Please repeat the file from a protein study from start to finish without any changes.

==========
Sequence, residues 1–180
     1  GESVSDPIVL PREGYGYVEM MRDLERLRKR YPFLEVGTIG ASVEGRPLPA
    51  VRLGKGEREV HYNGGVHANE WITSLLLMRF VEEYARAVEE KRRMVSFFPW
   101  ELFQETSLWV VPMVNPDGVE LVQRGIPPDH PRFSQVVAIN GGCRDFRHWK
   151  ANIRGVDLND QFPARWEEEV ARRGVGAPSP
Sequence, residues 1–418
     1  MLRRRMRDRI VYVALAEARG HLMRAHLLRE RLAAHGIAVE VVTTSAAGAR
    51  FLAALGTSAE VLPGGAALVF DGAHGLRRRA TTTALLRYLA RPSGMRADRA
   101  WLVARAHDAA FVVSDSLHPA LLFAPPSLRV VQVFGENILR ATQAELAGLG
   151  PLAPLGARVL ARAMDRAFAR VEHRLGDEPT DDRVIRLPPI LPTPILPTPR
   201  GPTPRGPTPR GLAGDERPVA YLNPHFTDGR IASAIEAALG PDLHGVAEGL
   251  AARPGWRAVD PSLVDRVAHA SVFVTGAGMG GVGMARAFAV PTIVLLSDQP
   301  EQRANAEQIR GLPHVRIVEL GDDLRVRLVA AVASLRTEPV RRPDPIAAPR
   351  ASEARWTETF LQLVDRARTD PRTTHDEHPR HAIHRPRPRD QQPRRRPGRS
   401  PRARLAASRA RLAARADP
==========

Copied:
Sequence, residues 1–180
     1  GESVSDPIVL PREGYGYVEM MRDLERLRKR YPFLEVGTIG ASVEGRPLPA
    51  VRLGKGEREV HYNGGVHANE WITSLLLMRF VEEYARAVEE KRRMVSFFPW
   101  ELFQETSLWV VPMVNPDGVE LVQRGIPPDH PRFSQVVAIN GGCRDFRHWK
   151  ANIRGVDLND QFPARWEEEV ARRGVGAPSP
Sequence, residues 1–418
     1  MLRRRMRDRI VYVALAEARG HLMRAHLLRE RLAAHGIAVE VVTTSAAGAR
    51  FLAALGTSAE VLPGGAALVF DGAHGLRRRA TTTALLRYLA RPSGMRADRA
   101  WLVARAHDAA FVVSDSLHPA LLFAPPSLRV VQVFGENILR ATQAELAGLG
   151  PLAPLGARVL ARAMDRAFAR VEHRLGDEPT DDRVIRLPPI LPTPILPTPR
   201  GPTPRGPTPR GLAGDERPVA YLNPHFTDGR IASAIEAALG PDLHGVAEGL
   251  AARPGWRAVD PSLVDRVAHA SVFVTGAGMG GVGMARAFAV PTIVLLSDQP
   301  EQRANAEQIR GLPHVRIVEL GDDLRVRLVA AVASLRTEPV RRPDPIAAPR
   351  ASEARWTETF LQLVDRARTD PRTTHDEHPR HAIHRPRPRD QQPRRRPGRS
   401  PRARLAASRA RLAARADP